Sunday, August 19, 2012



IN Queen Lear, currently playing at the MTC around the corner from the National Gallery, Robyn Nevin is the matriarch, instead of your usual patriarch in Shakespeare’s play. I’m not sure why the gender has changed, except to say that if the celebrated Robyn Nevin wants to tackle the great Lear, then she should, and being female should not be an impediment.

I saw a modernised version of King Lear several years ago with Frank Gallaher in the title role. He gave it everything, and it wasn’t his fault it was awful. Someone in their infinite wisdom thought it would be trendy to modernise it, and we got metropolis where there might be blasted heath, and a car on the stage, culprits being fingerprinted and mobile phones incongruously sticking out of people’s pockets.

So it was with some relief that this time I saw the blasted heath being replicated, and everything more or less pared back- not too muck trickery, nice and simple and relying on that beautiful, rich and evocative language.

I guess it was a bit disconcerting at first to see a queen when once there was a king, getting ready to retire, and looking forward to the easy life, living with her favoured daughter, and drinking champagne after the division of her kingdom. The three daughters of the queen looked on, expectantly. None of them overly impressed during the course of the play. For all its gender shifting, besides Nevin, it was the men who stole the play. Richard Piper, as Gloucester, was, like Lear, cocky and unsuspecting at first, and then convincing as the poor man brutalised by cruel, cruel people. In the printed version, the plucking of grey hairs from his beard by Goneril is truly shocking, and this wasn’t done to maximum effect, but the removal of his eyes more than made up for it, with the gut wrenching issuing of blood.

Kent, played by Robert Menzies, was mesmerising. He is a terrific actor. I saw him many years ago playing Hamlet, and he features as a blind man in ‘Cactus’, one of Paul Cox’s best films. I don’t know if his career has properly kicked on or not- does he enjoy making these local plays?- but he has always deserved attention.

Edmund began convincingly, but his role as the bastard son seemed to diminish, and the menace he provides in the play dissipated somewhat, overshadowed by the adoring daughters. His thirst for recognition from his careless father is a great aspect of the play- ‘there was great sport at his making.’

Edgar likewise diminished in stature. He appears on a bicycle at the start, which was unnecessary, and he was serviceable as the wary and gullible son, very good as ‘Poor Tom’, and then dull in the last thirty minutes or so around the time he answers the herald. The knife scene with Edgar was overlong and clunky. He seemed to me to lose energy, like he was going through his paces.

Oswald was suitably stupid, Albany was inexplicably in a wheelchair, and Cornwall was callous and efficient in his dealings with Gloucester. The men were, overall, by far the most interesting people, in a play in which the daughters are so crucial, and the main man has been turned into a woman.

Having said that, Robyn Nevin more than held her own. Over confident and arrogant at the start, she did need pulling back a little, as Kent unsuccessfully tried to do. Her madness was equally convincing. Her hair was tatty and had turned white, and there was pathos in how diminished her role had become as she languished in the storm and chose frightful partners in Poor Tom and the disguised Kent.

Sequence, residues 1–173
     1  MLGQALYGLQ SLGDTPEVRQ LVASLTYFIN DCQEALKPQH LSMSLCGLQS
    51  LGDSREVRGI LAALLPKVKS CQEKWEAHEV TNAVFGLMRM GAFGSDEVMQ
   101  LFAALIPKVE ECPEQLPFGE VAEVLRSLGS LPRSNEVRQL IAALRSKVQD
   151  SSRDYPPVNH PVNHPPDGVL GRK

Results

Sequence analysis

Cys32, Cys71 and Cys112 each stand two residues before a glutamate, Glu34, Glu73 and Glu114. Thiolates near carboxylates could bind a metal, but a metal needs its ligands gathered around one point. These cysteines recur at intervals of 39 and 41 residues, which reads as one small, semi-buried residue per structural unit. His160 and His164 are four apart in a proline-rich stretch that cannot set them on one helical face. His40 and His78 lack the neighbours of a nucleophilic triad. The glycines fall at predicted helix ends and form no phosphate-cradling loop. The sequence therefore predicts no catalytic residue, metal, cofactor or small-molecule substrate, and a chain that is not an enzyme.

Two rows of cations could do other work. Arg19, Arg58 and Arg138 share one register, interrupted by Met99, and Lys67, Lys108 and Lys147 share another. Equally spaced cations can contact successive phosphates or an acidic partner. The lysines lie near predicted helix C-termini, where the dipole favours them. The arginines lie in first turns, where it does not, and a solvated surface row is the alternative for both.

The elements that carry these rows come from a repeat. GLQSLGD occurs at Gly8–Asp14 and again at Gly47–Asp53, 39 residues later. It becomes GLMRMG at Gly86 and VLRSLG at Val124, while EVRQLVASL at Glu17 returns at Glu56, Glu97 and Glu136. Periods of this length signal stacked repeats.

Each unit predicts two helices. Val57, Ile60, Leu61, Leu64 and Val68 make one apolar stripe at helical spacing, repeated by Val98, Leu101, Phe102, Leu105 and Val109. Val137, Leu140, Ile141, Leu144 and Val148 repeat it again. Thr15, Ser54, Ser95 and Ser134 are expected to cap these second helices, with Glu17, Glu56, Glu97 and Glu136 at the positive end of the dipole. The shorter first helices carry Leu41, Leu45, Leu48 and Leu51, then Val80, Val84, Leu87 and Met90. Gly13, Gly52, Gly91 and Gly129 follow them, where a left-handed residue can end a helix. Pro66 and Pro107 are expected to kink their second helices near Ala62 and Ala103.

Regan was the best of the daughters. Her hair was slicked back tightly, her features severe, tall, thin and calculated, she had trouble written all over her stern countenance. Goneril was more womanly, less severe, but hardly maternal in her dealings with her ageing mother. She, with Albany, certainly had the nicer of the two husbands.

The biggest letdown for me, for the whole play- and she has been mercilessly castigated by some critics- was Cordelia, just about my favourite female character, along with Kitty in Anna Karenina, in all of literature. Cordelia, in the printed text, is so selfless, and beautiful, and moving, as she welcomes her poor father after such a long period of abuse, and attempts to heal him, even dies for him, as her heart is broken at the sight of his wretched condition. The stage actress in this instance seemed to struggle with her lines and at times spoke harshly in the manner of her evil sisters, losing the lovely soft cadences for which Cordelia impresses. I especially love the words ‘remediate’ and 'aidant':
'All blest secrets,

All you unpublish'd virtues of the earth,

Spring with my tears! be aidant and remediate

In the good man's distress! Seek, seek for him;

Lest his ungovern'd rage dissolve the life

That wants the means to lead it.'

Lear’s Fool is another memorable presence in the play, but (she) was reduced to being merely a sideshow. It seemed they couldn’t make up their mind whether they wanted to use her or not.
The cast received lukewarm applause. I was sitting in the second or third row, and felt embarrassed for them, delivering such a great and vital play to an audience that was hardly appreciative. I imagine the audience felt, like me, that there were things to recommend the play, but ultimately it all collapsed, especially in the final act of the play. Here we had actors going through the motions, with a struggling Cordelia, an awkward Kent looking on at the proceedings, Edgar hovering uselessly in the background, Albany sitting in his silly wheelchair, and, sadly, Cordelia unsure of the delivery of her lines, telling he mother she loves her and feigning bewilderment at her mother’s tragic condition.

‘You do me wrong to take me out of the grave.

Thou art a soul in bliss

But I am bound upon a wheel of fire

That mine own tears do scald like molten lead.’


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